I always have some marshmallow mixture on  hand stored in a lidded plastic container, so then I added about 2 Tbsp of that to my yellow granulated sugar and mixed well.  I used this yellow sugar mixture to coat my homemade Peeps.

These Peeps will keep in an airtight container at room temperature for several weeks.  Leftover marshmallow coating can be stored in an airtight container indefinitely.

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Hot Cross Morning

I asked my husband if he wanted anything special for Easter, and he replied he wanted Hot Cross Buns for Easter breakfast. He knows that question always means what does he want me to cook or bake…

I could not remember ever making Hot Cross Buns before. I’m sure my mother made them for us, and I likely helped, but I never made them as an adult.
Like many times before, I did some research and pieced together a recipe…
Hot Cross Buns
1/2 cup water
1/2 cup milk
1/2 cup sugar
4 1/2 tsp active dry yeast
1/3 cup unsalted butter, melted
1 large egg for dough, 1 large egg for brushing
1 1/2 tsp vanilla extract
3 cups all-purpose flour
3/4 tsp salt
1/2 tsp cinnamon
1/2 tsp cardamom
1/2 cup currants
Milk and confectioner’s sugar for icing/glaze – amount depends on texture you prefer
Combine water and milk in saucepan and warm until about 100 degrees F. Remove from heat and sprinkle yeast and pinch of sugar over surface of liquid. Set aside with out stirring, until foamy and rising up the sides of the pan, about 30 minutes.
Whisk the butter, 1 egg, and vanilla into the yeast mixture.
Stir the flour, sugar, salt, cinnamon, and cardamom in a large bowl. Make a well in the center and add the yeast mixture. Stir to make thick, slightly sticky dough. Stir in currants. Turn the dough onto a lightly floured surface and knead until soft and elastic. You may have to add more flour. Shape into a ball.
Brush the inside a large bowl with butter. Put dough in bowl, cover, and let rise until doubled in size. It look a little over an hour.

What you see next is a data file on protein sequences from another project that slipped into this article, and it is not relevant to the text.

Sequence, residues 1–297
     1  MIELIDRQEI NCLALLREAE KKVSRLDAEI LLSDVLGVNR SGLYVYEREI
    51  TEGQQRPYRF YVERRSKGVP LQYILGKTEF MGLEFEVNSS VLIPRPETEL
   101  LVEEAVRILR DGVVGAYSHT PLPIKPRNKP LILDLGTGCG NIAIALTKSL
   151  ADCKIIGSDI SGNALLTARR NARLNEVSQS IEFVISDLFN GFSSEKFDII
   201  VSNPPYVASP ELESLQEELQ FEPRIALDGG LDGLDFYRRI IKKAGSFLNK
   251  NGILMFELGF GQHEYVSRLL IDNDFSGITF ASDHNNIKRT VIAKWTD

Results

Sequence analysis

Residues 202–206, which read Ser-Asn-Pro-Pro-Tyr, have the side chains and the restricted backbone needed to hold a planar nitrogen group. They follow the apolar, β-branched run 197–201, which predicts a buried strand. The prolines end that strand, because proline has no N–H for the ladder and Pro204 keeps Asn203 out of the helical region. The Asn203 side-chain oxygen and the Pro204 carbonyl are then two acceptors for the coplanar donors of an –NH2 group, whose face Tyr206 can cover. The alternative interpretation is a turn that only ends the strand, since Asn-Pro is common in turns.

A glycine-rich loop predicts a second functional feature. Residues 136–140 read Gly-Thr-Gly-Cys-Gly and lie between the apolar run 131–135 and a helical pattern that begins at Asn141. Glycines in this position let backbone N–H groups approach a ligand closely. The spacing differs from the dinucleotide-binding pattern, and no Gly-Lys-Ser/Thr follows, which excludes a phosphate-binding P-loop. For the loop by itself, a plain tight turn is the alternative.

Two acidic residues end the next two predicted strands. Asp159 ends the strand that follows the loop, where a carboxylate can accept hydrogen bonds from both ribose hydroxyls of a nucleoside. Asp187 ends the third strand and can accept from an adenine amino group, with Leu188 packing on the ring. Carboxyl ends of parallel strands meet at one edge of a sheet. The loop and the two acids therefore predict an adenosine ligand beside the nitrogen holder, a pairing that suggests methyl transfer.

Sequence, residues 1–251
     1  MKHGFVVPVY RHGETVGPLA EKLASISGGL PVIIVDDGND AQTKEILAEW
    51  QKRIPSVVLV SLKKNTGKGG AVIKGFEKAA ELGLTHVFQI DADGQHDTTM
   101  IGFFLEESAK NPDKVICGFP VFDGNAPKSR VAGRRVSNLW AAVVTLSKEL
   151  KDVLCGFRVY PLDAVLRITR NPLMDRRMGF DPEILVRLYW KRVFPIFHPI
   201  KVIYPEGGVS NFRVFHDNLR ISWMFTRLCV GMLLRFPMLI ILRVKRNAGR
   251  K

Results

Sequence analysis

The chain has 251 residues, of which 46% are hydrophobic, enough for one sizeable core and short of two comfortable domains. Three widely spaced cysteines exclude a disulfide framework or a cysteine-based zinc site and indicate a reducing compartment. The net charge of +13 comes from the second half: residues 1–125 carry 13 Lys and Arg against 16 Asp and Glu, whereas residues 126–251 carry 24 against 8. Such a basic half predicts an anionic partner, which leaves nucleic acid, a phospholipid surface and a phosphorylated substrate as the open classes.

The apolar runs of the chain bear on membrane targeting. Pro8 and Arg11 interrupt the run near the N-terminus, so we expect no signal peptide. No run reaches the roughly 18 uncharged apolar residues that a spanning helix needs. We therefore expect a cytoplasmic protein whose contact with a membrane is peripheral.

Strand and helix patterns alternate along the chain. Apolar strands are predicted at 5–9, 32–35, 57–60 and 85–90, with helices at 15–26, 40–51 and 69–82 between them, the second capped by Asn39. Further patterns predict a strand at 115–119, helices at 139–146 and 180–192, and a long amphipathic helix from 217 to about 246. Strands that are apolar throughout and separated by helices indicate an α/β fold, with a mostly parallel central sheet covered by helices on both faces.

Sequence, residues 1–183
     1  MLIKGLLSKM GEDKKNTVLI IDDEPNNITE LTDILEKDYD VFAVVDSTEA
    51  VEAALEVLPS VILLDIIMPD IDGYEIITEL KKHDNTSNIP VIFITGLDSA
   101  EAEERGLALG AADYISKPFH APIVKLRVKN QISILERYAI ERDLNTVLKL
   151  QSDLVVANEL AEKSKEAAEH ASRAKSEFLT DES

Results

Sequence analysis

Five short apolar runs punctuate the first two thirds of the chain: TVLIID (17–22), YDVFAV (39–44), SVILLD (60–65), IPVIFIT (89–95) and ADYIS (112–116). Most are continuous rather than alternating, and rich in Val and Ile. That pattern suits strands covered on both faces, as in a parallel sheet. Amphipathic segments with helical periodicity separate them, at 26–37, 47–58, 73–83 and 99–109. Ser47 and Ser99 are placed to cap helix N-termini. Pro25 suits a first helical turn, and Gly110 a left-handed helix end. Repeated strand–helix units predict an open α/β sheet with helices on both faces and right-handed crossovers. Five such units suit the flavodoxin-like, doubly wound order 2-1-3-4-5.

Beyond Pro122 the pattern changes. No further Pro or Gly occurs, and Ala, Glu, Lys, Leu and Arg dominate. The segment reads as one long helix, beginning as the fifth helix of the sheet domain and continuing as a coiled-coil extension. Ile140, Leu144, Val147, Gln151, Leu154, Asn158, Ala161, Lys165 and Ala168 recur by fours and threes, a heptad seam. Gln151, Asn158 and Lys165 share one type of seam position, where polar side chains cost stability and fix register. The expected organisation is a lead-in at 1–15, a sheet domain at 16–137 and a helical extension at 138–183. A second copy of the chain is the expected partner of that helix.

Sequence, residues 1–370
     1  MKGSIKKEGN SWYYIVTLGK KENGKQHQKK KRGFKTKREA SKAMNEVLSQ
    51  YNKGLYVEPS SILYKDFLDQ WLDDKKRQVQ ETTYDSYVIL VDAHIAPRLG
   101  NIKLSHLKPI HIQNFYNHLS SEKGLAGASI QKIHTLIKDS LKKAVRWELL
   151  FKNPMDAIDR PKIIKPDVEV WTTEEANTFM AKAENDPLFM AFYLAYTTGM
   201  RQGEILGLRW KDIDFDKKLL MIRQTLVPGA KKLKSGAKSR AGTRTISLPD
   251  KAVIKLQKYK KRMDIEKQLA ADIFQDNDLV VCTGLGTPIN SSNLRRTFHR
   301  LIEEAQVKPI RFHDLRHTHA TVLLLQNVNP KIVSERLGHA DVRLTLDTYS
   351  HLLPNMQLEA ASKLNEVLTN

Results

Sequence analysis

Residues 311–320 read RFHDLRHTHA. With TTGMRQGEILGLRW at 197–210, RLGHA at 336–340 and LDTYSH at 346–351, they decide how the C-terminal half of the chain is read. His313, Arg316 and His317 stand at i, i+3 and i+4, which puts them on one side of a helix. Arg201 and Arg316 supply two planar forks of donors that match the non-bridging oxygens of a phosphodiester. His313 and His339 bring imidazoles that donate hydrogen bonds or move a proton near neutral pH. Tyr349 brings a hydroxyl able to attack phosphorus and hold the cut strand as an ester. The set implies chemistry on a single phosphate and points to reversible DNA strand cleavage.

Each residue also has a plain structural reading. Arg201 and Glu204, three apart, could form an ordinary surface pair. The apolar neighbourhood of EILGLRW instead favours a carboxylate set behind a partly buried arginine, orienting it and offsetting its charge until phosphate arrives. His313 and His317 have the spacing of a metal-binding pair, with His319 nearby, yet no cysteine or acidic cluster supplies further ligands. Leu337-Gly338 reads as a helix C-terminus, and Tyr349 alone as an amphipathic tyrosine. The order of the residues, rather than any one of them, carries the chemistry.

Turn out dough and divide into 12 equal portions and make into round rolls. Place them in a buttered 9 x 13 inch baking pan, leaving a little space in between each roll. Cover the pan and let rise until the rolls almost reach rim of pan, more than doubled. It took about 45 minutes.
Brush buns with beaten egg. Bake in preheated 375 degree oven until brown and puffy, about 25 minutes.
For the glaze, stir together confectioner’s sugar and milk until smooth. Use a pastry bag or zip-loc bag to ice buns in a thick cross shape over the top of the warm buns.

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Whiskey Punch for Easter

Punch is a big hit in our house. We try to always have a flowing bowl each time we have guests.

For our Easter dinner, I decided to make a whiskey punch. Everyone enjoyed it, even folks who were hesitant because they aren’t fans of whiskey. Crazy, right?
The punch was a lovely golden color and I used orange and lemon slices to garnish. To keep the punch cold, I made ice blocks in washed and reused milk and juice cartons.
Here’s the recipe, but keep in mind I don’t normally advocate use of juice concentrate, but I was making a lot of goodies for our meal, and it was really easy to use frozen lemonade. Plus, I don’t think the taste suffers quite as much for lemonade as other flavors.
Whiskey Punch
1 can of frozen lemonade (I prefer Minute Maid)
3 cups of orange juice
18 ounces of pineapple juice
2 liters of ginger ale
1 pint of whiskey
1/2 cup of simple syrup
I combined the juices, whiskey, and simple syrup ahead of time to meld flavors and kept everything in the refrigerator. Just before serving, I placed the ice blocks and fruit slices in the punch bowl. I gave the mixture one last stir in the refrigerator pitcher, then poured over the ice. Finally, I added the 2 liter bottle of ginger ale.